Trust is a social concept and it is thus possible to apply the perceptions of social life in trust
computation and recommendation propagation. An interesting direction of trust research in
MANETs is to utilise social relationships in evaluating trust among nodes in a group setting by
employing the concept of social structures [5]. The proposed model uses the concept of
closeness centrality between the evaluating nodes and the recommending node from the social
trust. Closeness centrality [32] measures the distance between the evaluated node and the
recommending node in terms of physical distance, number of hops, or delays. In the proposed
model closeness centrality is a measure of the distance between the evaluating node and the
recommending node. The use of the closeness centrality enhances the filtering algorithm as
close nodes are likely to possess same nature and counter nearly same environmental and
operational conditions over a period of time in the network. Furthermore, close friends may
have more interactions in the time of friendship. Consequently, trust values for the close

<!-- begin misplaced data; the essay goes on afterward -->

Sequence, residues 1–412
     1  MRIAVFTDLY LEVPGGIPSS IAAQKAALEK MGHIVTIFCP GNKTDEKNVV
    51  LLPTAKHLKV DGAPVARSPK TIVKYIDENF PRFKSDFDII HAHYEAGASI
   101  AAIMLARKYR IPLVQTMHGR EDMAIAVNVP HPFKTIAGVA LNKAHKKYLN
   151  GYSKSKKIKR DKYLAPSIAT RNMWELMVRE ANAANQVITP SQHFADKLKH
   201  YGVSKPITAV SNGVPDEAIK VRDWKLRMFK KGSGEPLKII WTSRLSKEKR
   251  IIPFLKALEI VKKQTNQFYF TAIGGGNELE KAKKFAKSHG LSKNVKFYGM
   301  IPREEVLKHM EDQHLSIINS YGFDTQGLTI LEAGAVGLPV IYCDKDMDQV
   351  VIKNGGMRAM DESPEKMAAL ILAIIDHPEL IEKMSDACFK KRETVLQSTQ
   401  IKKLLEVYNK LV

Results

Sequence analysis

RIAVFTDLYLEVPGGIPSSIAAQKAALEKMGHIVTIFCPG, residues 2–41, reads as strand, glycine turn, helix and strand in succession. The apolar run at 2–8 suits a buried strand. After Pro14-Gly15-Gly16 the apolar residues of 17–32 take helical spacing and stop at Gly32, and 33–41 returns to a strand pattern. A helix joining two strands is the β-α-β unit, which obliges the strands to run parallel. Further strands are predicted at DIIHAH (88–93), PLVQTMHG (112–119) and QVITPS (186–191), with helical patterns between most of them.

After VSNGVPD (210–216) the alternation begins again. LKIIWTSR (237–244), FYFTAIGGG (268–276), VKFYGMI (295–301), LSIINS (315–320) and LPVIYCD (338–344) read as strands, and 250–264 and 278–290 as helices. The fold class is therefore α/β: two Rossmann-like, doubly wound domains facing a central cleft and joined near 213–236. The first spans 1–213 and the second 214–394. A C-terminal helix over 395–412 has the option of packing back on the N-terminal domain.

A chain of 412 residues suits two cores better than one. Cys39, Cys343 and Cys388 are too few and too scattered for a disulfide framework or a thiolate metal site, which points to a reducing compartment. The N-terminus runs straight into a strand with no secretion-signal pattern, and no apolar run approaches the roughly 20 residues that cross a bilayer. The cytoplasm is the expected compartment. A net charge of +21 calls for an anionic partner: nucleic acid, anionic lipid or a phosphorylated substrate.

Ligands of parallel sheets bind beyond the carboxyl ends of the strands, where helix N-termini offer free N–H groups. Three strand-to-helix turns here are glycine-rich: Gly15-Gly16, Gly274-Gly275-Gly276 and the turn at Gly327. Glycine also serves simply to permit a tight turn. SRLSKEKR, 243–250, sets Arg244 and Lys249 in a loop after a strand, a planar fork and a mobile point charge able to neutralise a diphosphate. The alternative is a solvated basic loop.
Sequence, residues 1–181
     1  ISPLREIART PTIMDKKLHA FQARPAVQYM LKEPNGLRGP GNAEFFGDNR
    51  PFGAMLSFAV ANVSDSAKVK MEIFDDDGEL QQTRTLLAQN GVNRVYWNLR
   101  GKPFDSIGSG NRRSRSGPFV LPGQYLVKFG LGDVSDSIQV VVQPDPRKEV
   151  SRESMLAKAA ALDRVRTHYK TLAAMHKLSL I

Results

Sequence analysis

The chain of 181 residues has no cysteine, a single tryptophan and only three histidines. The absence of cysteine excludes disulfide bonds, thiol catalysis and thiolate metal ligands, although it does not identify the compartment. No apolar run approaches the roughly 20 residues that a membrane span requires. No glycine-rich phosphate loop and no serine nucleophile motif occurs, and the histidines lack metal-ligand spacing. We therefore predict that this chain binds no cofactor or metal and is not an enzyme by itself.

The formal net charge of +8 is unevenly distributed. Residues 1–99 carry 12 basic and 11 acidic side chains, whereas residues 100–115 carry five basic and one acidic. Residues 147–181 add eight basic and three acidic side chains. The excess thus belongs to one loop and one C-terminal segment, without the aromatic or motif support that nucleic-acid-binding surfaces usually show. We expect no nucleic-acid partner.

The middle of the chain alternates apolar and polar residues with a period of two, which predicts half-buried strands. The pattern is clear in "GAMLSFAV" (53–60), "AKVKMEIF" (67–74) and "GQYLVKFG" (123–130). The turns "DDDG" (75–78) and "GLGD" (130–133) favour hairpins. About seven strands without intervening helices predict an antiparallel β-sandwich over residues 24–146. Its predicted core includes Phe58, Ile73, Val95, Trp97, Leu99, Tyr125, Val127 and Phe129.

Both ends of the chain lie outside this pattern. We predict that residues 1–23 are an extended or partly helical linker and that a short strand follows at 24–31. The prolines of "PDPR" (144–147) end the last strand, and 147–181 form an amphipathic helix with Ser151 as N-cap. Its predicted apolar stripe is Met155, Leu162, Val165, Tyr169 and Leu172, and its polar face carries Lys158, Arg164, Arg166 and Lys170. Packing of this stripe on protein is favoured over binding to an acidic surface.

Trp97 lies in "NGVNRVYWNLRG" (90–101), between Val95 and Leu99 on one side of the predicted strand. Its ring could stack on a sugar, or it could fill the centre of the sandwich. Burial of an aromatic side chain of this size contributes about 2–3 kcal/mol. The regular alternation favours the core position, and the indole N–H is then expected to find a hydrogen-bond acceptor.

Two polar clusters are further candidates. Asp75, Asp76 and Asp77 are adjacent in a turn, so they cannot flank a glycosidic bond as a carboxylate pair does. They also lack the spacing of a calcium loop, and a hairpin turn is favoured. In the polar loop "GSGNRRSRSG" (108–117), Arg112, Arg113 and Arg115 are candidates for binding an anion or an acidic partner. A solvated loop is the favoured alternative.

neighbours converge to nearly same level. This may help in recognising the untrustworthy
recommending node whose recommendation is much different from the close recommending
nodes. Closeness value
𝑉𝑖𝑗𝑐𝑙𝑜𝑠𝑒 refers to the degree of node 𝑖’s closeness to a recommending node 𝑘 at time 𝑡 and is
calculated by Eq. (10).
where
) are the positions of node 𝑖 and node 𝑘 at time 𝑡 and 𝑑𝑑𝑖𝑠 is a
predefined distance threshold between node 𝑖 and node 𝑘 which should be less than the
transmission range.
D. Cluster procedure
The cluster manager in the proposed model receives a list of recommendations from the
recommendation manager and processes it using a clustering technique. The clustering
algorithm is run by the evaluating node on all the recommendations in the list 𝐿 = {𝑘1, 𝑘2, 𝑘3,
…, 𝑘𝑛}. A vector of
three values (𝑉𝑖𝑗𝑐𝑜𝑛𝑓, 𝑉𝑖𝑗𝑑𝑒𝑣, 𝑉𝑖𝑗𝑐𝑙𝑜𝑠𝑒) is provided by a recommending node for the clustering